Forgotten Film Friday: Sexy Beast (2000)

“I’m sweating here. Roasting. Boiling. Baking. Sweltering. It’s like a sauna. Furnace. You could fry an egg on my stomach,” narrates Ray Winstone’s Gary “Gal” Dove, before The Stranglers “Peaches” kicks in and he takes a break from crisping himself under the white-hot heat of the Spanish sun to place an iced hand towel over the nether regions he has concealed behind a skimpy pair of yellow swimming trunks. So begins Jonathan Glazer’s cooler than cool, gangster-heist, love story hybrid: Sexy Beast.

Jonathan Glazer’s feature debut, coming from the script of writers Louis Mellis and David Scinto, was made off the back of his reputation as a commercial and music video director, with credits including everything from Radiohead’s “Street Spirit” and Jamiroquai’s “Visual Insanity” to ads for Guinness, Levi’s and Volkswagen. The result is a film that balances the stylistic flourishes, clearly born from Glazer’s previous experience, excellently against a gangster narrative and character-driven film.

Ex-safe cracker, Gal, has retired to the sunny Costa del Sol with his beautiful wife and former porn-star, Deedee (Amanda Redman). Days are whiled away on lounge chairs, oiled up and baking, poolside, under the Spanish sun and evenings barbequing in the warm, summer air with married couple and friends, Aitch (Cavan Kendall) and Jackie (Julianne White).

Winstone plays Gal with such a gentle tenderness that he evokes a simplicity and modesty in the retired bliss in which he exists. He has forgone excess for a quieter happiness. He has his friends, the weather, calamari and his wife, for whom he has a deep love. He has carved out a little slice of paradise and wants nothing more than to maintain it.

When an enormous boulder crashes into Gal’s pool, missing him by an inch, a cosmic karma is disturbed, setting into motion a whirlwind of disaster. Enter Don Logan (Ben Kingsley), a former associate of Gal’s, who comes screaming into the picture with fastidious precision and rigidity as a psychopathic, sweary tormentor threatening to disrupt the calm waters of an idyllic life.

Don has come with a proposition, a heist job back in London breaking into the world’s most secure safety-deposit box bank, organized by the notorious crime boss, Teddy Bass (Ian McShane) and he won’t take no for an answer. And, so, Gal must battle to protect all that he holds dear without compromising the future of his loved ones and lifestyle.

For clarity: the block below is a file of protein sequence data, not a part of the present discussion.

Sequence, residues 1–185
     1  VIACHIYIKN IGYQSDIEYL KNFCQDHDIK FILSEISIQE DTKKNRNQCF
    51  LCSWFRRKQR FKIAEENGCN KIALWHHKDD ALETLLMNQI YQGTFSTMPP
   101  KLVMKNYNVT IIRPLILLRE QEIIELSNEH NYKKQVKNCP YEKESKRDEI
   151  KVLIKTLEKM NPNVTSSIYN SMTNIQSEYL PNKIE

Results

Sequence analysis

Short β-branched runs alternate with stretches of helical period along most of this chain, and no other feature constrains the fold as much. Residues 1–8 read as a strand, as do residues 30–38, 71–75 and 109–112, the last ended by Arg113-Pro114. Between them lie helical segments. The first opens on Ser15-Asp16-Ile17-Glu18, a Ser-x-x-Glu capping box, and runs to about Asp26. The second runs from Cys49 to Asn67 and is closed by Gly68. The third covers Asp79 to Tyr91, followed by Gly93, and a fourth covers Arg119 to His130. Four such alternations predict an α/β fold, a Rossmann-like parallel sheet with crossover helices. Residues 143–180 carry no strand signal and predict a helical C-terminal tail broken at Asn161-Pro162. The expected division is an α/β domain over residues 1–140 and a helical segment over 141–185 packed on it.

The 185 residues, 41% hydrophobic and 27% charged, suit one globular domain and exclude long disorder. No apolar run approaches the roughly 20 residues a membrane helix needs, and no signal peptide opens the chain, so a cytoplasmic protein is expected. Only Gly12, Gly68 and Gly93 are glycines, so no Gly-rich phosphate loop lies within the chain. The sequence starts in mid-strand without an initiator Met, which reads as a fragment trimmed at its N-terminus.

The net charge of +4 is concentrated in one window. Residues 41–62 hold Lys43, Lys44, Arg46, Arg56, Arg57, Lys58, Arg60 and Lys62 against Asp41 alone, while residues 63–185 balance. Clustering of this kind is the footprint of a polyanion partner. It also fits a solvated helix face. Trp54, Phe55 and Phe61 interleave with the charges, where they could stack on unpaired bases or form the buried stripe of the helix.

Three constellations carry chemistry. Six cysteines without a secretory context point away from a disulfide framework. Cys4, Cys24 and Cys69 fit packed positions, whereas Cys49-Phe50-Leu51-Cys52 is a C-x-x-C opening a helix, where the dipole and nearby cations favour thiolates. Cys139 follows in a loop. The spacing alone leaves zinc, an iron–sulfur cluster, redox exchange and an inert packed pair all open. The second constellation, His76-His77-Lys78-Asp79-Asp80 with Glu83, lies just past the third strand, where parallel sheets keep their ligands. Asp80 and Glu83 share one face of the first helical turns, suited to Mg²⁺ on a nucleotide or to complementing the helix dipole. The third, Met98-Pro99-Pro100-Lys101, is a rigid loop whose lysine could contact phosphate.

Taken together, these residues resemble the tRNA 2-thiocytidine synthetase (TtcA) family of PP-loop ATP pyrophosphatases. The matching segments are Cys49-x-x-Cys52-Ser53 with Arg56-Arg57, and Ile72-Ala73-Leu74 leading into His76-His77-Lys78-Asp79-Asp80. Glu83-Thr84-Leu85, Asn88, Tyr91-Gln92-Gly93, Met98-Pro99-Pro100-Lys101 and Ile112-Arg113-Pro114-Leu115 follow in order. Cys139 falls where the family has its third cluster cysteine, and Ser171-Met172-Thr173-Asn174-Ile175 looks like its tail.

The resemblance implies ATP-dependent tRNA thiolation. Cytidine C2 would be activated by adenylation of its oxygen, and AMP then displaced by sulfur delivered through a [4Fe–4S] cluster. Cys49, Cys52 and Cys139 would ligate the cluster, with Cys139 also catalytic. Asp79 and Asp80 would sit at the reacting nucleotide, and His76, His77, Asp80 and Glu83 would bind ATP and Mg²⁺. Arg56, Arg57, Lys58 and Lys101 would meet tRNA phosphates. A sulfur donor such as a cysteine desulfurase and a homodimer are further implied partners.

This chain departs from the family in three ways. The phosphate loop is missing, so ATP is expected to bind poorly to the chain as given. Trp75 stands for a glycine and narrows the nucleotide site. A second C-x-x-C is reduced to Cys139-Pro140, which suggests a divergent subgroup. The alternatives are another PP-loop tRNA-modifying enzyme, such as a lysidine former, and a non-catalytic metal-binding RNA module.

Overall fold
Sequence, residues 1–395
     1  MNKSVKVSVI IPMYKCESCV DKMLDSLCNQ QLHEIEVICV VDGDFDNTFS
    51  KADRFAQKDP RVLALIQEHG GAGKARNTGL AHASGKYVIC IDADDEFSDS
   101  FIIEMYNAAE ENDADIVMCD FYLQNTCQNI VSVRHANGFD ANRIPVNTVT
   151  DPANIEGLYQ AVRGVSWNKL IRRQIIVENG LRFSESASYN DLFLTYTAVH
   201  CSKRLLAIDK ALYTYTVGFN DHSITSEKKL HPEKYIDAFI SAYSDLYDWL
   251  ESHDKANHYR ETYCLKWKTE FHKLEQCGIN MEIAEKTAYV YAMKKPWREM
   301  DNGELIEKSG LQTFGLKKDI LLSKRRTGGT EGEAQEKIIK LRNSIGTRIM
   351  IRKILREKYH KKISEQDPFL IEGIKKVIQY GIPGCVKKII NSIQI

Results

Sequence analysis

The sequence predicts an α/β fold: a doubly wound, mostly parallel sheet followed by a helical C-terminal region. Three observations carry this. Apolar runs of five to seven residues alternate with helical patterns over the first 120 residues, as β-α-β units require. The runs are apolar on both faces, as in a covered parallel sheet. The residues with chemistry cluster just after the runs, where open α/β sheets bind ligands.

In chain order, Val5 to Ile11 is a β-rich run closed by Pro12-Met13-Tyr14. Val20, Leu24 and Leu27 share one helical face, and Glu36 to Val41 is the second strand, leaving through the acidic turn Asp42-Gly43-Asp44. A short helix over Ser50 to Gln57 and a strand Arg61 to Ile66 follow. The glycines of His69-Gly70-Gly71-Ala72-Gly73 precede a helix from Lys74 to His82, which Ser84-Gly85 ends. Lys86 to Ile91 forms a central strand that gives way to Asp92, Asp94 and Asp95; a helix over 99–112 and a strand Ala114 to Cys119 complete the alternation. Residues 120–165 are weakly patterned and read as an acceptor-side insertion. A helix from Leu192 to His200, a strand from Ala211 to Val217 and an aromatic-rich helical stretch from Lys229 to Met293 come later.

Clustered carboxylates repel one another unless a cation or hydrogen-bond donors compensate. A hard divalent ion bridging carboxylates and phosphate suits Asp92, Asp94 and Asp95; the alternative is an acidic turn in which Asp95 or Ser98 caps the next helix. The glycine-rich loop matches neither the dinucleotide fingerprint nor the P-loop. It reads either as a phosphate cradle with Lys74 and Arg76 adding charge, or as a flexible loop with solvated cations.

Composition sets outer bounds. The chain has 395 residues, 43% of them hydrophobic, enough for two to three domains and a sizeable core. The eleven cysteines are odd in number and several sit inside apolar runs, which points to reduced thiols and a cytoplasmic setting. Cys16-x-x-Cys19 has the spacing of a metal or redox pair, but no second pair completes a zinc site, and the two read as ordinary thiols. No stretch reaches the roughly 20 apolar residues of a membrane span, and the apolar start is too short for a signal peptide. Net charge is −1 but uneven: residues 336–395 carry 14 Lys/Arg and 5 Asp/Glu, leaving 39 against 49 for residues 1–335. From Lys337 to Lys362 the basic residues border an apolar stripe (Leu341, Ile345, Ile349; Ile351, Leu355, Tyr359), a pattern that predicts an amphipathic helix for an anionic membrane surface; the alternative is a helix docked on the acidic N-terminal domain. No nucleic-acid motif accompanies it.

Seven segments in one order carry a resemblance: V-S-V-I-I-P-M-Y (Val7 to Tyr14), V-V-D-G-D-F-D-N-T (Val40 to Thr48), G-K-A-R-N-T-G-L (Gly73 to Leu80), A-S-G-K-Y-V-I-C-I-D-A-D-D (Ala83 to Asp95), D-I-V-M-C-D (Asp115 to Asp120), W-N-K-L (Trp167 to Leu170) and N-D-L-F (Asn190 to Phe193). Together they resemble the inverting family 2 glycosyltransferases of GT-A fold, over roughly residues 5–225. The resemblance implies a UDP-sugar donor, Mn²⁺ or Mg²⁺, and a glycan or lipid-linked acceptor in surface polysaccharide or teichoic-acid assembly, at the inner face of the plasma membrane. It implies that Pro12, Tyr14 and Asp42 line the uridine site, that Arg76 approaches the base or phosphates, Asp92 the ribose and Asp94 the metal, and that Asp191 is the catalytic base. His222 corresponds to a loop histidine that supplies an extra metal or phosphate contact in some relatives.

Sexy Beast is a smorgasbord of filmic delights, from its soundtrack to the film’s slick visual style and narrative flourishes. It’s coated with the veneer of a music video-cum-advertising aesthetic that gives the traditional gangster narrative a sexy new sheen that marries well with Glazer’s quick-fire editing and pacing.

There is a surreal thread involving a demonic rabbit-man sown into the fabric of the film that adds a shade of anxious unease and works as a nightmarish personification of past sins trying to force their way back into the present. This allows for Sexy Beast to deviate further from its straight categorisation as a gangster-heist picture and into a dramatic, redemptive tale of love.

But, it’s the performances that bind everything together and really make this film sing. Ray Winstone’s leathery, pink-bellied, corpulent expat who’s dived, arms open into the soft, boozy pleasures of retired life in the sun is a side step from the characters’ he portrayed in War Zone & Nil by Mouth, and more aligned to the kind-hearted, affectionate Harry of There’s Only One Jimmy Grimble.

Kingsley, by contrast, revels in the straight-backed, raging violence of a pressure cooker stuffed with live ammunition that is Don. He carries himself with the kind of powerful aggression and rigid tension that beams from twitching eyes and a body that always moves ferociously from the waist. A real highlight is a scene involving the refusal to put out a cigarette on an airplane followed by accusations of being touched on the “front bottom,” further underlining the sheer sociopathic tendencies of this truly despicable character.

The heist itself is on a par with the best of them, Rififi and The Asphalt Jungle, with an intricately imagined underwater drilling set piece that is physical, tense and dripping in more cool. Sexy Beast is undoubtedly one of the best British gangster films of our time.

Out Now In Cinemas

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